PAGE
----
Court Needs Order…But Final Verdict is “Not Guilty”

Posted: July 5, 2011 in Cabaret, Culture, Entertainment, Music, New York City, Nightlife, Performance, Uncategorized

The problem with some debut acts, especially those ambitious enough to plunge right in without any major experience in the arena by exercising a valiant attempt at a new and unique form of artistic expression, is that there is so very much room for so very much to go awry. Fortunately, this is not always the case with newcomer Court Graves and his Brazilian jazz outing, A Minha Noite Perfeita (My Perfect Night), which bowed in June at Metropolitan Room and is heading for SoCal gigs in August at the Catalina and the Gardenia respectively. Unfortunately, the wrongs and the rights of the evening are in equal flood. And yet the wrongs, however copious, are wholeheartedly reversible should Graves so choose to make certain important changes to the presentation.

It should be noted right off the bat that Graves has clearly had extremely impressive vocal training. And his selection of musicians for the evening couldn’t possibly have been more top-notch; these include Alva Nelson on piano, percussionist Sebastiao Apolinario, Chris Sullivan on bass, Doug Harris on both flute and saxophone, and the ever-impressive Vita Wallace not only on violin but accordion. In addition, JP Perreaux’s lighting design and technical direction are splendid as always. But where difficulty begins to rear its unsightly head is in twofold instances; one is the fact that Graves isn’t in ownership of a particularly riveting voice, nor the sparkle of personality, to carry a show of this sort based simply on sheer charm. On the whole, the evening possesses neither the communication of cabaret nor the musicianship of vocal jazz to make it seem anything other than supreme self-indulgence. The other problem lies within Graves’ oft-simplistic choices of material from the Great American Songbook; nothing interesting or newfangled is coming from the treatments given to such songs as “Too Close for Comfort,” “Lover Come Back to Me,” and “So In Love.” He gives “I’m a Fool To Want You” a fair shot, although following it with the equally-balladic “Night Song” is an obvious mistake, and choosing to sing “Natural Sounds” near the end of the show takes the gentleman absolutely nowhere in the audience’s estimation. In point of fact, it’s a relief when he winds up the evening with a halfway-decent rendering of “I’m Gonna Live ‘Til I Die,” as much for the fact that it marks the end of the show as the fact that it’s the first time all night he seems to relax, knowing that the home stretch is just around the bend.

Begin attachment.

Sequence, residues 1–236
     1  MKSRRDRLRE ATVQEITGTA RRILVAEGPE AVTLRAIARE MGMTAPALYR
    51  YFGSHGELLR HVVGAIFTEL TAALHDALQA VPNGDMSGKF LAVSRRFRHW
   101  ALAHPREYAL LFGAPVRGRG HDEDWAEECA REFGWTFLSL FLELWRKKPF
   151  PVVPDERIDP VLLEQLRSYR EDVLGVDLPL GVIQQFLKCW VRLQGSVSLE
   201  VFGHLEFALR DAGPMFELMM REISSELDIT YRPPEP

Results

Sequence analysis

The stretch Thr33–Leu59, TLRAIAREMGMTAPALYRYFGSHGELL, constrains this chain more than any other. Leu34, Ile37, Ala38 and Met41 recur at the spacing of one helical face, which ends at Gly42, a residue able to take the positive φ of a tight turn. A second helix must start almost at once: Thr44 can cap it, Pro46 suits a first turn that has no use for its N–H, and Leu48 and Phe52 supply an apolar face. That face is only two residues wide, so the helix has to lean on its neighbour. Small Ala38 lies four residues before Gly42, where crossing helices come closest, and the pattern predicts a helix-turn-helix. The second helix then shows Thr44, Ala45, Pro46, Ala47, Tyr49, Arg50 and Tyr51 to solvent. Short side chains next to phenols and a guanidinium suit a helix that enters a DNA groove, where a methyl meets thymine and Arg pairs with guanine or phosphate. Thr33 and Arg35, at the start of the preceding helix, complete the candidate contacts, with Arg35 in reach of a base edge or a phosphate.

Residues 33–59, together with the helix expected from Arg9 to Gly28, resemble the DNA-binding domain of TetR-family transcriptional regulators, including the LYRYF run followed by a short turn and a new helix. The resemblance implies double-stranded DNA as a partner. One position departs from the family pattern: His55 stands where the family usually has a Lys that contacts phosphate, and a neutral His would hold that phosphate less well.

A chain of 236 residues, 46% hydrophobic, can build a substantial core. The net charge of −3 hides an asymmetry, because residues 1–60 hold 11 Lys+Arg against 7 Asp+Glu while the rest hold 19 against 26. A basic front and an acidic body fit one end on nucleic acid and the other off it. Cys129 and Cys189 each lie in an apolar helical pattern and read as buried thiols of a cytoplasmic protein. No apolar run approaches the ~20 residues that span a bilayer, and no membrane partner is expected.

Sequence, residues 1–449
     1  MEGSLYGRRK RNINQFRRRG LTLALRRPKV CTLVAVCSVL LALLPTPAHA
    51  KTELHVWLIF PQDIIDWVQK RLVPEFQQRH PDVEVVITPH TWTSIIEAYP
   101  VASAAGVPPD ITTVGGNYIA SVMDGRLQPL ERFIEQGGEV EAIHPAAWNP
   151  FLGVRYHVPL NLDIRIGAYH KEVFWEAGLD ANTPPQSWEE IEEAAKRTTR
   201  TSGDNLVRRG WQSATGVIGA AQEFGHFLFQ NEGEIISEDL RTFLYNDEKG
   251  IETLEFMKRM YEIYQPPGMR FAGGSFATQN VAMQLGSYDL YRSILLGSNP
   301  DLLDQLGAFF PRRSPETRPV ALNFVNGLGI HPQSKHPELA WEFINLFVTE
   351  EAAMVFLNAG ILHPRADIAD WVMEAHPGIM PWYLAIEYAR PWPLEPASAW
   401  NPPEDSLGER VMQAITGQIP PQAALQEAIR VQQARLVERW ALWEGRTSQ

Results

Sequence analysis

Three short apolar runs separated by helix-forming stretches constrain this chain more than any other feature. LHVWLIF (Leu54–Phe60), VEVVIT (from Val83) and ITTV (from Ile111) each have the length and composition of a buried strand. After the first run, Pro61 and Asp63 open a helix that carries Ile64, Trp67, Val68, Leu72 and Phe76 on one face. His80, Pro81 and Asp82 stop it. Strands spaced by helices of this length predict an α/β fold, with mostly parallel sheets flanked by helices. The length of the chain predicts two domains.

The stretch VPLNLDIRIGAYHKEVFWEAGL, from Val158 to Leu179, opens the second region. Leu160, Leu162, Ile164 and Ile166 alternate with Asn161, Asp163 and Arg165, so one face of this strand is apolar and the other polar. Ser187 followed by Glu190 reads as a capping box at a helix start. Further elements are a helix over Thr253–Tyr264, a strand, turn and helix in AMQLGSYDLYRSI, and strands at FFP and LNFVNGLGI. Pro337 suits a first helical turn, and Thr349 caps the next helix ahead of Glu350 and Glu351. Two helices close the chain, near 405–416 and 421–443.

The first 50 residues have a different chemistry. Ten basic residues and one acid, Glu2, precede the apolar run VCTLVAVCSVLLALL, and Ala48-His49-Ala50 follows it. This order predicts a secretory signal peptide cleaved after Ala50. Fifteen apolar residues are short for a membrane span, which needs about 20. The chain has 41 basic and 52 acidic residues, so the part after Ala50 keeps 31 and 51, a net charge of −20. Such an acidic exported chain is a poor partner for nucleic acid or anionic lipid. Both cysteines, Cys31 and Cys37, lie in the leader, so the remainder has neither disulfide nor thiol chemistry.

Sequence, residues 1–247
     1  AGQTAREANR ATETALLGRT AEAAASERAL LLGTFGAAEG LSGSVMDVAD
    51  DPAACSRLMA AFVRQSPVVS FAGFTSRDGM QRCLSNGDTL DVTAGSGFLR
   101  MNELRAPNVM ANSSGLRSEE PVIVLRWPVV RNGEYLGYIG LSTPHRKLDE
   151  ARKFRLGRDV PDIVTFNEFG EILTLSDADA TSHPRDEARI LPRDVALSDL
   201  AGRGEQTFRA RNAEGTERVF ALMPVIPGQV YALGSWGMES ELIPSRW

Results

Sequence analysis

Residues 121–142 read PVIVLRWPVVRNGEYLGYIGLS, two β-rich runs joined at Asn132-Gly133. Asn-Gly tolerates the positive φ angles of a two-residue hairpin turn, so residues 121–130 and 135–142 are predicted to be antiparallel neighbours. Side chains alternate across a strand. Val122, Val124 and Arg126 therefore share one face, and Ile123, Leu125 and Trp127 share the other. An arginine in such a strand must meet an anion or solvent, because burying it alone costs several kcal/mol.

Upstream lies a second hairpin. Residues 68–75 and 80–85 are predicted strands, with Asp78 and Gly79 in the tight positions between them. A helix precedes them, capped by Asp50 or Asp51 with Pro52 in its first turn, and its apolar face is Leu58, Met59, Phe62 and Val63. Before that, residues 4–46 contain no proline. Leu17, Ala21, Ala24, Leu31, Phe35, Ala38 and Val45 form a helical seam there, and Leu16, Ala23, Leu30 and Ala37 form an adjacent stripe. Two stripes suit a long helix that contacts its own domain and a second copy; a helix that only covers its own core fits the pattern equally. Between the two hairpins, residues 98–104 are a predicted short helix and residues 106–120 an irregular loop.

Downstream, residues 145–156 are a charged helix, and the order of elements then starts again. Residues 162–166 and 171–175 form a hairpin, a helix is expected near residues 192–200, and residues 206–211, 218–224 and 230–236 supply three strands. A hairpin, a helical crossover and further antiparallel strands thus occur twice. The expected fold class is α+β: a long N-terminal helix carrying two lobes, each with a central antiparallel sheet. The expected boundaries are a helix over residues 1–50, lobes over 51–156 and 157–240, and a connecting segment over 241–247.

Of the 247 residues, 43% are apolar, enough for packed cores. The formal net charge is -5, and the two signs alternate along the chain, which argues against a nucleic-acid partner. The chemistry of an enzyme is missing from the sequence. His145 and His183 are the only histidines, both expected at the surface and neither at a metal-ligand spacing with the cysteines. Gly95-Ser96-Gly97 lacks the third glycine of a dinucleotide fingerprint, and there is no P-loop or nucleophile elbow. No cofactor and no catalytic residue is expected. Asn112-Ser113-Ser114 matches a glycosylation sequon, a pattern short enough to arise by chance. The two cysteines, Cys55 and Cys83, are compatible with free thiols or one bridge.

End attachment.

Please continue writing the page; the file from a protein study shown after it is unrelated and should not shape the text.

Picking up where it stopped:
And yet…and yet…the very best moments come in the form of those songs NOT from the Great American Songbook but the compositions of the modern generation. These include an outstanding version of John Legend’s “Save Room For My Love,” “Mercy” by Duffy, and an astonishingly-deft interpretation of  “Caramel” by Suzanne Vega, conveyed with every ounce of seduction and the enticement intended when it was written. If Graves might consider embracing the notion of an entire evening of more contemporary material along those same lines, still keeping within the Brazilian jazz framework, and enlisting the aid of a seasoned director who could help guide the show into the most effective evening of entertainment imaginable, he would most certainly emerge a winner on every count.

It could well transpire that the future holds wonderful circumstances for Court Graves on stages all over the world. Regrettably, this wasn’t one of those occasions. And it really wasn’t the fault of anyone or anything other than the gentleman’s clear lack of savvy as to what flies within the nightlife arena in New York and elsewhere. In point of fact, it was hardly a perfect night. Or, as one might say in Portuguese, “Não foi uma noite perfeita.”

  1. Michael says:

    Oh dear dear dear dear dear…

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